Tuesday, December 01, 2009

"'Presence'... 'Arrival'... 'Coming'": An Advent Triptych

Lest anyone hasn't seen it yet -- especially as, per usual, its official English translation has yet to emerge from the Holy See -- ZENIT's run the fulltext of B16's homily at Saturday night's First Vespers of Advent (fullvideo), the start of the new Church Year.

As ever, it's especially worthwhile reading... here, a long snip:
Let us reflect briefly on the meaning of this word [Advent], which can be translated as "presence," "arrival," "coming." In the language of the ancient world it was a technical term used to indicate the arrival of a functionary or the visit of a king or emperor to a province. But it could also indicate the coming of the divinity, which goes out of concealment to manifest itself with power, or which is celebrated as present in worship. Christians adopted the word "advent" to express their relationship with Jesus Christ: Jesus is King, who has entered into this poor "province" called earth to visit everyone; he brings to participate in his advent those who believe in him, all those who believe in his presence in the liturgical assembly. With the word adventus an attempt was made essentially to say: God is here, he has not withdrawn from the world, he has not left us alone. Although we cannot see or touch him, as is the case with tangible realities, he is here and comes to visit us in multiple ways.

The meaning of the expression "advent" includes therefore also that of visitatio, which means simply and properly "visit"; in this case it is a visit of God: He enters my life and wants to address me. We all experience in daily life having little time for the Lord and little time for ourselves. We end up by being absorbed in "doing." Is it not true that often activity possesses us, that society with its many interests monopolizes our attention? Is it not true that we dedicate much time to amusements and leisure of different kinds? Sometimes things "trap" us.

Advent, this intense liturgical time that we are beginning, invites us to pause in silence to grasp a presence. It is an invitation to understand that every event of the day is a gesture that God directs to us, sign of the care he has for each one of us. How many times God makes us perceive something of his love! To have, so to speak, an "interior diary" of this love would be a beautiful and salutary task for our life! Advent invites and stimulates us to contemplate the Lord who is present. Should not the certainty of his presence help us to see the world with different eyes? Should it not help us to see our whole existence as a "visit," as a way in which he can come to us and be close to us, in each situation?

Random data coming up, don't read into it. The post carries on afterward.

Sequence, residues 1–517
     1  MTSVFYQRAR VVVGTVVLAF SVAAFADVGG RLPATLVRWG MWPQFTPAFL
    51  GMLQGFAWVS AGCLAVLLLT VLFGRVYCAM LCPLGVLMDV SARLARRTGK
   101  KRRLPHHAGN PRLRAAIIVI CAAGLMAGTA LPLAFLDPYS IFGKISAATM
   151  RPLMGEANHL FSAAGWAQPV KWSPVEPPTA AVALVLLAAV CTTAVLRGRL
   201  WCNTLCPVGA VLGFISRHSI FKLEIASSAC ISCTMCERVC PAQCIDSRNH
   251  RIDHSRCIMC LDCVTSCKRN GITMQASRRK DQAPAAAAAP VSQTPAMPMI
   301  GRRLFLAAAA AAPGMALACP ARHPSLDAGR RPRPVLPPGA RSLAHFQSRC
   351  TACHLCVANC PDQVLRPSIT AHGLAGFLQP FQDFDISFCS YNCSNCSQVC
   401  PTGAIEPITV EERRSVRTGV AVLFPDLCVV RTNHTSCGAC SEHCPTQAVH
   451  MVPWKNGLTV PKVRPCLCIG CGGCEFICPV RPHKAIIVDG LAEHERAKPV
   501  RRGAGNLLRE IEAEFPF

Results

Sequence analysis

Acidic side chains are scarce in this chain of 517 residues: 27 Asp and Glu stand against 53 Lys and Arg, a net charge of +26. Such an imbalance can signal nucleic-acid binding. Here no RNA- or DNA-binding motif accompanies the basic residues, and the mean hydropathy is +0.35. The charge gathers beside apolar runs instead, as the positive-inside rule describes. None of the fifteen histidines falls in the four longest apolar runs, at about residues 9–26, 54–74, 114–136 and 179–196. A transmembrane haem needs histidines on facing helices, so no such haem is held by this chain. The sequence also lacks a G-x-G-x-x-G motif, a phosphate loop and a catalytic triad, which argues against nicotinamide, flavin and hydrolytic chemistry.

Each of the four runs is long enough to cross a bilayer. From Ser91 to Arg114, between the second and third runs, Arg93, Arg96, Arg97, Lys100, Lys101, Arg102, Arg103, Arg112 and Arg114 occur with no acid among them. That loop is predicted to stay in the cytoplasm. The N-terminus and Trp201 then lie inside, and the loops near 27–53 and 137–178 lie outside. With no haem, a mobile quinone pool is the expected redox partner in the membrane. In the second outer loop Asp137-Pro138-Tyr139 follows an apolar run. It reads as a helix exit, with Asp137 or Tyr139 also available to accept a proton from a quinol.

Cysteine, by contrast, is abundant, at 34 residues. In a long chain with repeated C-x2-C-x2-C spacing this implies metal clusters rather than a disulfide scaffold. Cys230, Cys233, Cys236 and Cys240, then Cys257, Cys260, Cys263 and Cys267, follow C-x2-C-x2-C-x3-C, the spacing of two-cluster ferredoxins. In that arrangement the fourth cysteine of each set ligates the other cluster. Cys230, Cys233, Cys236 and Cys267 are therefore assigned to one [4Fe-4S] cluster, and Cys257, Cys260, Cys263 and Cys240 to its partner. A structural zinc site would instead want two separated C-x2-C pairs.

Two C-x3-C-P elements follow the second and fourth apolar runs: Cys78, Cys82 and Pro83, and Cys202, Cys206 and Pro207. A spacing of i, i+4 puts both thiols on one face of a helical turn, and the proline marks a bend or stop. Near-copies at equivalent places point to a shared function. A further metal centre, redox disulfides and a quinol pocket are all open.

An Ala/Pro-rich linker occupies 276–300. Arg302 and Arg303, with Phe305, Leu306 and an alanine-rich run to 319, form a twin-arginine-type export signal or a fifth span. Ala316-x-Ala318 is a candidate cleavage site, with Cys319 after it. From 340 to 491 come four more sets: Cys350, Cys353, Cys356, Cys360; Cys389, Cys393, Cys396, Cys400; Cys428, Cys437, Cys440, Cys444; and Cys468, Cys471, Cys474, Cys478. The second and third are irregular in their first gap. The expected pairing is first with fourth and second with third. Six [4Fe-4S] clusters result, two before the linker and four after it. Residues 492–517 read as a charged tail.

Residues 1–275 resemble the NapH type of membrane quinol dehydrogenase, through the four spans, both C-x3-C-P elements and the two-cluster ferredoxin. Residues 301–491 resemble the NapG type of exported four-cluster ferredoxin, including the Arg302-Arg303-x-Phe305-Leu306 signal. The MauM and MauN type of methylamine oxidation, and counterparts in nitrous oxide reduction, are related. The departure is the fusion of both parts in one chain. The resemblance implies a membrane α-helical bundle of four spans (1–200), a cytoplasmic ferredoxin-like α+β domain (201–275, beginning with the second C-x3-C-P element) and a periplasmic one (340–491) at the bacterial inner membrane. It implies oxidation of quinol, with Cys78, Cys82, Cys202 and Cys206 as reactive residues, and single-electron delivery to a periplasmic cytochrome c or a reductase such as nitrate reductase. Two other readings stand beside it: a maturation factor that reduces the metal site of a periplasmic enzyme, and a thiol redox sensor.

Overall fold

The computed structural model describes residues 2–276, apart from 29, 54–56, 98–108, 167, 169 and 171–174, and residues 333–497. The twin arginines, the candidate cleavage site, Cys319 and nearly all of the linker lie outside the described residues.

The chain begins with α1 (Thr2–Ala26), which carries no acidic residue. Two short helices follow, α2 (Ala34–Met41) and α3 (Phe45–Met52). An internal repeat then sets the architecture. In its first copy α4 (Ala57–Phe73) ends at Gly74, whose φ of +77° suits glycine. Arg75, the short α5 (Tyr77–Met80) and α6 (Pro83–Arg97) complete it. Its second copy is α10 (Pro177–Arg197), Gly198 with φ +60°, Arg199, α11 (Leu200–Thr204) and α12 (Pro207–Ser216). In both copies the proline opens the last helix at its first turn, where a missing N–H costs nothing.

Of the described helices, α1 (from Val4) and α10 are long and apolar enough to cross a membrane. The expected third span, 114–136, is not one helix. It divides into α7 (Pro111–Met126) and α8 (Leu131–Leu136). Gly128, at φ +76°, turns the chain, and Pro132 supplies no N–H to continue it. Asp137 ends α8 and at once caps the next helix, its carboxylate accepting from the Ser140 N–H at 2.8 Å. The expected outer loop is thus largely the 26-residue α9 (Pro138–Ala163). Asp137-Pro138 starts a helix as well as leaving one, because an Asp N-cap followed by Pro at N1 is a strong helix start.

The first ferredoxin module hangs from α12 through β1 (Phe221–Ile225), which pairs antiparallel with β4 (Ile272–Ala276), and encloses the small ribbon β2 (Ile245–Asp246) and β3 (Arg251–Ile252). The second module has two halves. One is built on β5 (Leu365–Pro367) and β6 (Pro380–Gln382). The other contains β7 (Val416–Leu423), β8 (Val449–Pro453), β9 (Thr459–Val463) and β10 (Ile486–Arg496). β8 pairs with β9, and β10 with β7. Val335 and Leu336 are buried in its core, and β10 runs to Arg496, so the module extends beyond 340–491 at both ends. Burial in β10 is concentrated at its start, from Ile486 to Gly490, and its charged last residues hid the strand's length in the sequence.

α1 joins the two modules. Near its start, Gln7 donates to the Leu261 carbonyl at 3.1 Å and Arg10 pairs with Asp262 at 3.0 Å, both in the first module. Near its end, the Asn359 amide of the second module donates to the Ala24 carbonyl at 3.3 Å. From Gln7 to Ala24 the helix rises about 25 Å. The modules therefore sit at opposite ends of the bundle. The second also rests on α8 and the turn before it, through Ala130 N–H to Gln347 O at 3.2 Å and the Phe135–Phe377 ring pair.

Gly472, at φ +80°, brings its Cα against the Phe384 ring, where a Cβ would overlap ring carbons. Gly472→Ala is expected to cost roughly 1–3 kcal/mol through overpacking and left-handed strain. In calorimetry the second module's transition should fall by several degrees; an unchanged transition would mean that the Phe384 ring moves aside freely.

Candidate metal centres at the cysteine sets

Another essential element of Advent is expectation, expectation that at the same time is hope. Advent drives us to understand the meaning of time and history as "kairos," as a favorable occasion for our salvation. Jesus illustrated this mysterious reality in many parables: in the account of the servants invited to await the return of their master; in the parable of the virgins who await the bridegroom; or in those of the sowing and harvesting. Man, in his life, is in constant waiting: When he is a child he wants to grow, as an adult he tends to his realization and success, growing in age, he aspires to his deserved rest. However the time comes in which he discovers that he has waited too little if, beyond his profession or social position, he has no choice but to wait. Hope marks the path of humanity, but for Christians it is animated by a certainty: The Lord is present in the course of our life, he accompanies us and one day he will also dry our tears. In a not too distant day, everything will find its fulfillment in the Kingdom of God, Kingdom of justice and peace.

However, there are very different ways of waiting. If time is not filled by a present gifted with meaning, the waiting runs the risk of becoming unbearable; if something is expected, but at this moment there is nothing, namely, if the present is empty, every instant that passes seems exaggeratedly long, and the waiting is transformed into a weight that is too heavy because the future is totally uncertain. When, instead, time is gifted with meaning and we perceive in every instant something specific and valuable, then the joy of waiting makes the present more precious.

Dear brothers and sisters, let us live the present intensely, when we already have the gifts of the Lord, let us live it projected to the future, a future full of hope. The Christian Advent thus becomes an occasion to reawaken in ourselves the true meaning of waiting, returning to the heart of our faith which is the mystery of Christ, the Messiah awaited for long centuries and born in the poverty of Bethlehem. Coming among us, he has brought us and continues to offer us the gift of his love and of his salvation. Present among us, he speaks to us in many ways: in sacred Scripture, in the liturgical year, in the saints, in the events of daily life, in the whole of creation, which changes in aspect if he is behind it or if it is obfuscated by the mist of an uncertain origin and an uncertain future. In turn, we can speak to him, present to him the sufferings that afflict us, impatience, the questions that spring from the heart. We are certain that he always hears us! And if Jesus is present, there is no time deprived of meaning and void. If he is present, we can continue to wait also when others can no longer give us their support, even when the present is exhausting.
And, well, that's way better news than the new ferula... at least, we could hope.